Frederick Stimson

Frederick Stimson

NOVEMBER 27, 1842 - JANUARY 15, 1912

The son of a wealthy merchant and farmer Frederick Stimson, born in 1842, had many advantages while growing up in Compton, Quebec. Upon his father’s death Stimson inherited the family farm and much of his father’s money. While in charge of the farm he grew it until it was one of the largest farms in the district with 124 cattle and 23 horses over 1,000 acres of land.

In 1881 Stimson decided to change his path and become a rancher out west due in part to the economic difficulties faced by English speaking farmers in the east. He moved to Alberta to take advantage of the government’s offer to lease land to ranchers. He undertook the venture with two other men, Sir Hugh and Andrew Allan, and they began the North-West Cattle Company. As resident manager Stimson was expected to first find a range, and then go to Idaho to purchase more than 3,000 cattle and transport them to High River where the ranch was located. While in the United States Stimson hired three experienced ranchers to overlook the cattle, since he himself had no experience with ranching.

The Bar U Ranch, as it was popularly known, experienced much success because it learned from the mistakes made by surrounding ranches. As a result, they experienced limited cattle losses during the winter. Soon the ranch was providing beef to the Department of Indian Affairs, the RCMP, and railway contractors. Thanks to the completion of the Canadian Pacific Railway the ranch was able to expand its market as far as British Columbia and Manitoba. Soon after they broke into the highly lucrative British beef market.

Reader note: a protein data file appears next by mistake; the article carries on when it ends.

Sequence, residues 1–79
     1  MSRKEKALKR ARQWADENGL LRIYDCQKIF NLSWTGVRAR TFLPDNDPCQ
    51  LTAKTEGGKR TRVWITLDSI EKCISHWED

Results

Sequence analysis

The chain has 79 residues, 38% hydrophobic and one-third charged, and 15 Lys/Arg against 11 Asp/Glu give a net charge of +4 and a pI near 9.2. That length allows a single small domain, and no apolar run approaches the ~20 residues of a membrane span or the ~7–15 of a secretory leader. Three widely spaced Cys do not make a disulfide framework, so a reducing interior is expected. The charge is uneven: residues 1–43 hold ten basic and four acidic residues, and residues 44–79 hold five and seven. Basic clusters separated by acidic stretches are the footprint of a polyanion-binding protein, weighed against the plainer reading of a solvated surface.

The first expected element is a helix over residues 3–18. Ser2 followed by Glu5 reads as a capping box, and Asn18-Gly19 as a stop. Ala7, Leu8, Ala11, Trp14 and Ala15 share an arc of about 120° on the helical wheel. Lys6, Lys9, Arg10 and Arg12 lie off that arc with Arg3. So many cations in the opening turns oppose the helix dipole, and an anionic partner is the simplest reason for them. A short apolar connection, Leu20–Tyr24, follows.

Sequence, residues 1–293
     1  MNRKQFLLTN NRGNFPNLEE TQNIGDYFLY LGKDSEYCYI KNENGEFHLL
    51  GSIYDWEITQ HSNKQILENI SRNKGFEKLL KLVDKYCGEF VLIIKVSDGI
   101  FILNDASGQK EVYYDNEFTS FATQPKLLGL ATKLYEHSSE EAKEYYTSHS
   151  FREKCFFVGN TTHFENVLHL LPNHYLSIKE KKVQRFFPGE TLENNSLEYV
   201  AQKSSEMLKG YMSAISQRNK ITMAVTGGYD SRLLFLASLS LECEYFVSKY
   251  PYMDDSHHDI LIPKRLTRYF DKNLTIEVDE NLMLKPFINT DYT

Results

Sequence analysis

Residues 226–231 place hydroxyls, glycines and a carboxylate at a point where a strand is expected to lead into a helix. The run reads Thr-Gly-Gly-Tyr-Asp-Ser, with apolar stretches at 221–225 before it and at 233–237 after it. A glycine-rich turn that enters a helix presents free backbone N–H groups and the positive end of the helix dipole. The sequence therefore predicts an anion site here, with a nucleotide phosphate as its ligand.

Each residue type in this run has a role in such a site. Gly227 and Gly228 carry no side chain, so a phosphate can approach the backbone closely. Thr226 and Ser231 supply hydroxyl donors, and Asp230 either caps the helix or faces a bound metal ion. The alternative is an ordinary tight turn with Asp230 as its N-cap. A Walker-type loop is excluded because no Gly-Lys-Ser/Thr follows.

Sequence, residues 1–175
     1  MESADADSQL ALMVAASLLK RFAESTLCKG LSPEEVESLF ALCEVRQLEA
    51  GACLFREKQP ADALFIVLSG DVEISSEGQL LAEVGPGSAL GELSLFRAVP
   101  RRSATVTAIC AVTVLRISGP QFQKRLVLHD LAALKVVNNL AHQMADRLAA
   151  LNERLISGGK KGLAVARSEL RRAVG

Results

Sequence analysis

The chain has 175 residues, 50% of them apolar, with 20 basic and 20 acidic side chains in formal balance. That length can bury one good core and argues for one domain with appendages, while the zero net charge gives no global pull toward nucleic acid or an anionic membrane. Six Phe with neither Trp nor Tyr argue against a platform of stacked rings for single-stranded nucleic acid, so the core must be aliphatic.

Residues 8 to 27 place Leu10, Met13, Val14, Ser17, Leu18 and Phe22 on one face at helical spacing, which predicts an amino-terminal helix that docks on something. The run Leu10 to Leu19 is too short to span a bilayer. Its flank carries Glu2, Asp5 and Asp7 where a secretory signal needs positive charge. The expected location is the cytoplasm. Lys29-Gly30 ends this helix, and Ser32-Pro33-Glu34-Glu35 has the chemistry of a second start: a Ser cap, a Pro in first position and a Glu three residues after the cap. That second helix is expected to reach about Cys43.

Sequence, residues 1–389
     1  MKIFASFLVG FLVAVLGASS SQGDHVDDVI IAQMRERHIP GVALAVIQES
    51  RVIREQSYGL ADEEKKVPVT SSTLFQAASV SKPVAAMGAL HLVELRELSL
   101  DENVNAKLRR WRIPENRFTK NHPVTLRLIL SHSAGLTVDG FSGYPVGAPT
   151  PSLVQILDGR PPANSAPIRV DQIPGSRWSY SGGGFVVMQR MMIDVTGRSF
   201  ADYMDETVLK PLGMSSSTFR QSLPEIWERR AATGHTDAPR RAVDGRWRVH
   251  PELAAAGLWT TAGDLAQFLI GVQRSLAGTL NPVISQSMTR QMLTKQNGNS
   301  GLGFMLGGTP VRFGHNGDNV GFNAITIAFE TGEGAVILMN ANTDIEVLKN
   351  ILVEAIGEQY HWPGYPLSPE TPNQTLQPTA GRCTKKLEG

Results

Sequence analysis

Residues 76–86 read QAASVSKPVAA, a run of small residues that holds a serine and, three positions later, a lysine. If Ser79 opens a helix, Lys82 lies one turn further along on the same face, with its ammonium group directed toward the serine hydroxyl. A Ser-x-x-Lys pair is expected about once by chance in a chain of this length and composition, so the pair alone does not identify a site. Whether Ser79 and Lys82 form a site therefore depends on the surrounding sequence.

A few years after the establishment of the North-West Cattle Company they merged their ranch with the neighbouring Mount Head to increase their profit. As a result, Bar U became one of the largest and most profitable ranches in Canada. Unfortunately for Stimson and the ranch, the government soon abolished their leasing policy. Under the new policy ranchers were able to purchase up to 10% of the land they had leased or negotiate limited leasing arrangements. While this downsized Bar U they were still able to run a successful operation.

The ranch suffered another unfortunate event when Andrew Allen, the chief financial backer of the ranch, died and the ranch was sold without Stimson’s consent. He felt that the ranch had been undervalued but any attempts he made to rectify the situation were unsuccessful. With no ranch to work in Alberta, Stimson lived in Cuba for three years searching for investment opportunities before moving to Mexico City and establishing a dairy farm. Late in 1911 he moved back to Canada when he began experiencing poor health and passed away during the new year.

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